Teaching creative writing at university is a dream job. I know other writers and former PhD students who would basically crawl over my dead body to get the gig. And you know what? They can have it. I loved it when I started, truly. I knew how lucky I was. I loved being in the classroom and working with students, either in a group or one-on-one. Working with newer writers, helping them develop, was the best part of the job. But it became the only good part of the job, overwhelmed by all of the other crap that sucked the air out of the room and left me exhausted, mentally and physically. And HE is unforgiving. What it used to be, even a couple of decades ago, and what it is now (due to becoming a business with "butts in seats" the metric of success) are so different. A fellow ex-academic said to me a few years back that the job isn't doable anymore, that in the past decade it has changed so much from what it was envisioned to be to what it actually is now that lecturers don't have the actual time to do all of the tasks, etc., they are responsible for. Workloads are overwhelming. Mine was 144%, without everything accounted for. And I was told that the math would be "tweaked" so that it didn't look so bad. That was the last straw for me after years of overloaded workloads and a shitty boss at one point who bullied me and threatened that I wouldn't have a job in a year or two if I didn't do X amount of uncredited work to keep students. That dream job became a nightmare, became just a job instead of a calling.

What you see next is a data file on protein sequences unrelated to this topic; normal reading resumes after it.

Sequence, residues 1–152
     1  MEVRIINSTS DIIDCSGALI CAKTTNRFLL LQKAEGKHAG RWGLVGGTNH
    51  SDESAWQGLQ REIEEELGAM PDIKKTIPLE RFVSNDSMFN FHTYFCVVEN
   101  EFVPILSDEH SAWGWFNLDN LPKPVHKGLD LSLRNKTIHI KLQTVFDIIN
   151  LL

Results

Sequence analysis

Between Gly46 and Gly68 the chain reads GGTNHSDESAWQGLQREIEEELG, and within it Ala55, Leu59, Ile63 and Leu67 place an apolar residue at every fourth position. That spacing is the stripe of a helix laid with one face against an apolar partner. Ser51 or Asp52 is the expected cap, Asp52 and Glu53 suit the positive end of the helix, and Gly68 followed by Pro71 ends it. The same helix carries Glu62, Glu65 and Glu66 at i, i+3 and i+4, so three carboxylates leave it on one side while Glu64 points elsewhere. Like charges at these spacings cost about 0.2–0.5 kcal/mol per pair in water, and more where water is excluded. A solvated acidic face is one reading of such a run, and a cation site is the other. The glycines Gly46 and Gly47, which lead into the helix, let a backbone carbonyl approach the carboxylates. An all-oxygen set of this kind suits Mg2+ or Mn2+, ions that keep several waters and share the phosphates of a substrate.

So I sat down last October with my partner and talked it through and came up with a plan. And this spring I gave notice. My bosses were very nice about it, but no one asked how they could keep me. And this showed me that instead of being an integral part of the school or department I was just a cog and that someone else would be slotted into my place easily enough. So I was able to walk away feeling that it's going to be okay and that I will be able to figure something else out instead of slogging through the remaining years until retirement. I know that quitting a stable, well-paying job in the middle of the worst economic mess in decades is not the best timing ever, but a job that is killing me faster than I am dying is a job I don't want.
Today is my first "real" day of unemployment. June 1st, last week, was my first official day, but I had to go do an event and then we had the big Jubilee weekend, so today, Monday, is the beginning, with me not waking up and checking my work email first thing. I have days to fill now without external expectations. I am taking a few months off to get over some of the burnout, finish a book that's due at the end of the summer, finish a novel that I've been trying to finish for a while, and work on some new writing projects (more on those later) plus do some things I have missed, like sewing. Then I will go back to freelancing for a while and, maybe, develop some new things like online courses and a mentoring programme, or train in a new (to me) but related field.
I have talents and skills; I know my worth; it is time to live a life that makes me feel fulfilled and happy and excited to get up in the morning. It's time to change.